Q: How Often Do You Hydro Test cylinders?
A: Unless the Breathing Air Storage Cylinders you are currently using are the newer UN Breathing Air Cylinders, hydrostatic testing is required at 5 year intervals. The new UN cylinders require testing at 10 year intervals. We have different options available to help with your Hydro Testing. Within a certain area we offer Cylinder Exchange Programs. We can also remove the breathing air cylinders at our shop from Mobile Air Units for testing as well.
Q: What is compressed air?
A: Compressed air is typically comprised of “ambient air” that has been stored at a pressure greater than atmospheric.
To create compressed air energy is required to essentially put a given volume of air into a smaller contain than it currently exists. By reducing the volume that the air is stored in the pressure is raised. Consequently the more air that you place into a container the higher the pressure becomes.
A pump of some type is typically the energy source used to compress the air. The pump may be taking ambient air pressure and placing it into your car tire. As the process continues the pressure inside the tire is ultimately raised.
In the fire service and in SCUBA diving, to limited depths, compressed ambient air is breathed in order to sustain life in a hostile atmospheric area such as a room filled with smoke.
Compressors used may be of many different designs such as rotary screw or vane, reciprocating, etc.
Q: What Is Compressed Air Used For?
A: Compressed air has numerous applications, anything from providing pressure for your automobile tires to its use in BREATHING AIR applications. Many occupations expose personnel to atmospheres/environments that are not suitable for breathing. Firefighting is among the most common of these occupations. Firefighters, in order to work in hazardous environments, a room or structure filled with hazardous smoke and toxins, must have an alternate source of BREATHING AIR. That source is typically a cylinder worn on the firefighter’s back that contains compressed ambient air at pressures up to 5500PSI. The air is delivered from the tank through a series of regulators and a face piece in order allow rescue and interior firefighting operations.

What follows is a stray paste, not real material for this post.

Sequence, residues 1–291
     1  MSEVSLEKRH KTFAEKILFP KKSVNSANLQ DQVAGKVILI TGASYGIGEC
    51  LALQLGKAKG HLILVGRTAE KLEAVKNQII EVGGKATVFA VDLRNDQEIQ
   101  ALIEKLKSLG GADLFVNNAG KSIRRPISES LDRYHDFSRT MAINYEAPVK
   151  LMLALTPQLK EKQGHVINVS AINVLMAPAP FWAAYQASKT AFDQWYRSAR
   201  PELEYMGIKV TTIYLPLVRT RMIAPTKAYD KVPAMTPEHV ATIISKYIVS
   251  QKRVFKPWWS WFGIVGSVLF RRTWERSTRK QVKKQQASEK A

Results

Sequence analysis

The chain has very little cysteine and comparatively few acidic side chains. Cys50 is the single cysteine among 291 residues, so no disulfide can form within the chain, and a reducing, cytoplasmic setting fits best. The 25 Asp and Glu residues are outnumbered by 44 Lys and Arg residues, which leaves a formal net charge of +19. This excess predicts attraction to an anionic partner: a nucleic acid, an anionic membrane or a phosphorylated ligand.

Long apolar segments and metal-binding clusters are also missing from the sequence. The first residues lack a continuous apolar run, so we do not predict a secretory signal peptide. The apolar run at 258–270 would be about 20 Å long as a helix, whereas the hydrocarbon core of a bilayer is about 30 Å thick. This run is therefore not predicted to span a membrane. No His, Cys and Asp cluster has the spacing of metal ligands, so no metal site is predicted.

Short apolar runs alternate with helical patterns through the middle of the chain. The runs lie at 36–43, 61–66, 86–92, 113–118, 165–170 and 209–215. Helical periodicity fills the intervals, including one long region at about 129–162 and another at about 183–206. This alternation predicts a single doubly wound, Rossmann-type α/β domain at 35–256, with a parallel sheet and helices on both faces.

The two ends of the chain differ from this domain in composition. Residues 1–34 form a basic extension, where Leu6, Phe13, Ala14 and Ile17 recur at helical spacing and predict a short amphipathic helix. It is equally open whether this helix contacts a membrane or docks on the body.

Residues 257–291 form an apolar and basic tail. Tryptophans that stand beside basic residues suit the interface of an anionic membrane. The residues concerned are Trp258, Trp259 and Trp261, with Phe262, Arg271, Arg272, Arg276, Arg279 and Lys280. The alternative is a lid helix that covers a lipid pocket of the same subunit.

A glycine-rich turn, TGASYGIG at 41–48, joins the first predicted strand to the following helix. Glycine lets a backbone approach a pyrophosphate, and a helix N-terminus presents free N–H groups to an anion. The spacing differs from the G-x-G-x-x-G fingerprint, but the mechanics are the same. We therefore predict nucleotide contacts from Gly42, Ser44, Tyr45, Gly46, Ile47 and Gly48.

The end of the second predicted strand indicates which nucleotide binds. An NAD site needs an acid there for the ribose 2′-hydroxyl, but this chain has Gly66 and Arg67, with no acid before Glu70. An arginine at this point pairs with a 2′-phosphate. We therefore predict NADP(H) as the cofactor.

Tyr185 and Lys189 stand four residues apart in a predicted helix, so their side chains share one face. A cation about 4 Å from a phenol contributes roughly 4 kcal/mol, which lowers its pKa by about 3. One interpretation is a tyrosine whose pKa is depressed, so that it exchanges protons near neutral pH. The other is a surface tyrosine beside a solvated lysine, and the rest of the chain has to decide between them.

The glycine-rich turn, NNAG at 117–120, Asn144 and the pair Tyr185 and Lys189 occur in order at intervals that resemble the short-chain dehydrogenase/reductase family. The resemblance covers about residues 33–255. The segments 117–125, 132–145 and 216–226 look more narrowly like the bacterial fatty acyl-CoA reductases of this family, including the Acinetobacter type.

Q: Why Use BAUER COMPRESSOR OIL (Synthetic) In Breathing Air Systems?
A: OIL-0024 BAUER COMPRESSOR OIL (Synthetic) is designed and manufactured for continuous running Breathing Air Compressors in Portable and Mobile Breathing Air Systems.Bauer Compressor Oil (Synthetic) is also composed and produced for extended running stationary Breathing Air Compressors and Industrial Air Compressors that are used in production plants and other applications.
Lubricants are either synthetic or mineral oils. Synthetic oils are designed for heavy-duty use and continuous running over a wide temperature range (+5 °C to +45 °C). Bauer Compressor Oil (Synthetic) ought to be changed after 2,000 operating hours or after two years, whichever occurs first. The specific servicing interval is indicated in every model’s operating manual. Bauer Compressor Oil (Synthetic) OIL-0024 is sold in gallons. Refer to your Breathing Air System operating manual to determine how much you need.
Mineral oils are designed for light duty compressor use and for a narrower temperature range (+5 °C to +35 °C). Mineral oil ought to be changed after 1,000 operating hours or after 12 months, whichever occurs first.
Bauer Compressors are designed to inject a precise amount of Bauer Compressor Oil (Synthetic) into the final stage’s guiding piston at constant pressure. The Bauer Compressor Oil (Synthetic) drips down onto the spinning driving gear. This produces a fine oil mist, which lubricates the bearings and cylinder walls.
Three main reasons for lubricating Breathing Air Compressors are:
- minimizing friction,
- minimizing wear, especially in the cylinders and bearings,
- cooling the unit.
Careful selection of adequate lubricants is of prime importance. Since these are in contact with Breathing Air Systems, they have to be physiologically and toxicologically safe. Brands have to be certified for the use in BAUER Breathing Air Compressors. The choice of oil also has fundamental influence on the compressor’s lifetime and warranty.
Q: Why Should I Not Service My Own Breathing Air Compressor?
A: We are seeing more and more customers opt to service their own breathing air systems in an effort to cut down on expenses. We want you to understand what the real cost/issues could potentially be. Recently we have seen instances where improperly serviced purification systems have resulted in fires and other significant damage to the unit. In each case it was the lack of knowledge regarding how the breathing air system should be serviced that resulted in the mishap. The bottom line is that an attempt to save money resulted in significantly greater expense to the owner…not what was intended. Our best advice to you is:1) Have your equipment continuously serviced.
2) Use a trained authorized service technician.